RealTime IT News

Compaq Offers Computing By the Seat

Compaq Computer Corp. Tuesday showed how it approaches business from different angles when it introduced five computing-on-demand services packages for enterprise customers.

Geared for the enterprise because it is priced on a per-seat, per-month basis, the strategy features Compaq's new Evo line of desktops and notebooks, which were announced in May.

Compaq said it would make the offer good to any business for a three-year period, providing both the hardware and services with warranties, help desk assistance, technology updates, asset reporting and program management.

Peter Blackmore, executive vice president of Sales and Services at Compaq said the idea was to give customers more flexibility and control over their IT infrastructure, which could prove attractive at a time when PC spending is stagnant and the large manufacturers like Compaq, Dell, Hewlett-Packard and Gateway need to search for any slight advantage among the competition.

The service packages are divided among PCs and laptops. Access on Demand packages start with a $99 per seat/per month entry-level solution featuring a Compaq Evo Desktop D300v Microtower, on-site warranty, help desk support and program management. The enterprise-level desktop Access on Demand packages are priced at $129 per seat/per month and feature the new Compaq Evo Desktop D500, and Compaq Evo Desktop D500 SFF (small form factor).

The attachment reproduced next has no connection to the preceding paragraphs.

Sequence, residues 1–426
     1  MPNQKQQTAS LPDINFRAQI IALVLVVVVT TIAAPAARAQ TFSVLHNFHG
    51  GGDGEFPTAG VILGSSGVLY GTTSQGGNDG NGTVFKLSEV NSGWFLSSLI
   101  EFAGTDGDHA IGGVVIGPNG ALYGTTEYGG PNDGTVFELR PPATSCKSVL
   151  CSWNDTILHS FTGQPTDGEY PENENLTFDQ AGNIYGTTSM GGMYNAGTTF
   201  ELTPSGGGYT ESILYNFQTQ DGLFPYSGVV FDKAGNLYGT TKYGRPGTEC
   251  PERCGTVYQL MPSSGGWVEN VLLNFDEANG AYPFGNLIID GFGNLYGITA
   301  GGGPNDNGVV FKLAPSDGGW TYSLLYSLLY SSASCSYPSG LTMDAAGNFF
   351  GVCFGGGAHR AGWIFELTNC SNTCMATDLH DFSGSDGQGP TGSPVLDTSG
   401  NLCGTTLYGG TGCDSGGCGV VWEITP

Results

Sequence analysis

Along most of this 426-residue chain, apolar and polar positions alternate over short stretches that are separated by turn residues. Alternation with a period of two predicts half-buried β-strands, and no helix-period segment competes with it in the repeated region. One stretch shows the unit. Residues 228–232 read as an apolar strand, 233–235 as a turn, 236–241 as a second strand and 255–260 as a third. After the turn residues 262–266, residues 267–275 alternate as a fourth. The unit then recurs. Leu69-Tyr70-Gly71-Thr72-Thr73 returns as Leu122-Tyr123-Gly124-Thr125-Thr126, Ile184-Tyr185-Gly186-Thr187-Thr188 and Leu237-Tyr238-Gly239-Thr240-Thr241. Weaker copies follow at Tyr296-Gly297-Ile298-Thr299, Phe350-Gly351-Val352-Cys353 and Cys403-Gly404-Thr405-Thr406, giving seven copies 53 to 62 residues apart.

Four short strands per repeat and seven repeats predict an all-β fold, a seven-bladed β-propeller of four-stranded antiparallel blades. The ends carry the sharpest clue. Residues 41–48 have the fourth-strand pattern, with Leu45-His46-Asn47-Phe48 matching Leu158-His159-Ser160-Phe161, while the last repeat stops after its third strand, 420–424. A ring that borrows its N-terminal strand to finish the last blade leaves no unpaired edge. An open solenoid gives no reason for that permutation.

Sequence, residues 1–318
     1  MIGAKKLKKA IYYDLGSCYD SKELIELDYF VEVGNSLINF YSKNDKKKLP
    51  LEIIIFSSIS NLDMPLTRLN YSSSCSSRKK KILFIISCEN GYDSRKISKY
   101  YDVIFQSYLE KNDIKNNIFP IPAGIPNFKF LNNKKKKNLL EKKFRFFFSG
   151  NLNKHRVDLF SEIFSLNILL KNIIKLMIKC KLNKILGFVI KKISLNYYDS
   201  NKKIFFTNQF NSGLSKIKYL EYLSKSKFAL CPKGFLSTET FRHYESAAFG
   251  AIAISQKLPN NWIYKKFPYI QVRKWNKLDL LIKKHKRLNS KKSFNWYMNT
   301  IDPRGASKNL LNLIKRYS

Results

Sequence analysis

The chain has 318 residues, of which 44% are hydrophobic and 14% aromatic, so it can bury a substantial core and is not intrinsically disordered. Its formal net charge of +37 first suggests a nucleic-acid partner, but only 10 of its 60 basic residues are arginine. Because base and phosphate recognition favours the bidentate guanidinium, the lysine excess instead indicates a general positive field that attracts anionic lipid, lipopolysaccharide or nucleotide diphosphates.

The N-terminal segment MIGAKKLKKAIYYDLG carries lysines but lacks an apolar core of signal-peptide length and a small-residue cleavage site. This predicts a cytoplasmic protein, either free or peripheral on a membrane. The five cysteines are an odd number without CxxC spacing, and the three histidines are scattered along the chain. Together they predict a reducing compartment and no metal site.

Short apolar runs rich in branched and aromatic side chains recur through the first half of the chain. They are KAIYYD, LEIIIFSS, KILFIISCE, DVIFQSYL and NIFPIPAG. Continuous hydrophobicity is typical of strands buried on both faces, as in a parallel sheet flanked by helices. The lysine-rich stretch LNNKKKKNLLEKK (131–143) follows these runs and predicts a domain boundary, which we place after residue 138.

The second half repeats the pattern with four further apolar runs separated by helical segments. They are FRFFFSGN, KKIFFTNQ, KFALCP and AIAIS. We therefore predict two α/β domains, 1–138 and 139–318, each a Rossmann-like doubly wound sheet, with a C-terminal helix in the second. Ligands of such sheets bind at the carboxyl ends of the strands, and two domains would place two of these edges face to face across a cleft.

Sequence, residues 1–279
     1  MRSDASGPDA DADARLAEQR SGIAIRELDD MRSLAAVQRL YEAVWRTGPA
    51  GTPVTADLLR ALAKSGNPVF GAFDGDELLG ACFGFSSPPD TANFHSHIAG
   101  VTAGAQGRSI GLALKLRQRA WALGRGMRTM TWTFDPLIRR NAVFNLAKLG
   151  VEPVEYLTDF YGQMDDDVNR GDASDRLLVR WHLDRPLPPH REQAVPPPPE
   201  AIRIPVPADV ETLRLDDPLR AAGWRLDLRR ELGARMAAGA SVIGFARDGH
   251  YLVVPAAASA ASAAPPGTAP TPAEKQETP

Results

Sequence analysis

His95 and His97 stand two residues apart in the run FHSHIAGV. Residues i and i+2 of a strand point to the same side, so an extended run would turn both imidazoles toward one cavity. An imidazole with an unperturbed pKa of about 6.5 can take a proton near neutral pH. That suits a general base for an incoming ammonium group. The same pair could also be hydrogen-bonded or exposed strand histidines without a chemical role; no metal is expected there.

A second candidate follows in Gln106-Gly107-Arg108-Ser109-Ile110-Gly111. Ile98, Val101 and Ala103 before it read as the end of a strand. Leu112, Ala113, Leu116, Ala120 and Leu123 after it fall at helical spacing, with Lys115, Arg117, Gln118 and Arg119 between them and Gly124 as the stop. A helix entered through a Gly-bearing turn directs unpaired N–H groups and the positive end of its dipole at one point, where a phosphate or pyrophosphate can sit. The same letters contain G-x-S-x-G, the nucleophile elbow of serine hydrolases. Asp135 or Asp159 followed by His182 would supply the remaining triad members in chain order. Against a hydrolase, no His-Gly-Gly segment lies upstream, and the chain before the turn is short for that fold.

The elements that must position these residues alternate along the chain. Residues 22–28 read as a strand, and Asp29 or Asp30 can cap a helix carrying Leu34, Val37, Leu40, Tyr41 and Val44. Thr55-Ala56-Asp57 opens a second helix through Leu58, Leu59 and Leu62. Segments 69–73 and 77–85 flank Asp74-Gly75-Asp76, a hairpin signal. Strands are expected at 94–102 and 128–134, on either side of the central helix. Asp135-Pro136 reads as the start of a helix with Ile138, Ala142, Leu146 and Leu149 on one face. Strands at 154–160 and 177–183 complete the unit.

For the mobile enterprise, Compaq offers two packaged solutions for $169 per seat/per month, featuring either the Compaq Evo Notebook N400c or the Compaq Evo Notebook N600c. These offers also include services such as basic installation and warranty, help desk, technology refresh, asset reporting and program management.

The on-demand packages follow last week's iPAQ Neworking announcement, in which Compaq sought to appeal to consumers who are looking for an easy way to hook up PCs, peripherals and other devices from the small or home office.

Since HP made a bid to acquire Compaq on Labor Day (Sept. 4), the company has experienced almost barometric treatment from analysts, who have run the gamut of saying the deal was bad to good for both parties. In fact, overall reception to the deal was quite poor; investors have knocked the value of the deal down to less than $17 billion from $25 billion.

However, Salomon Smith Barney analyst Richard Gardner said the deal was quite undervalued and issued a "buy" rating on Compaq in a research note Monday.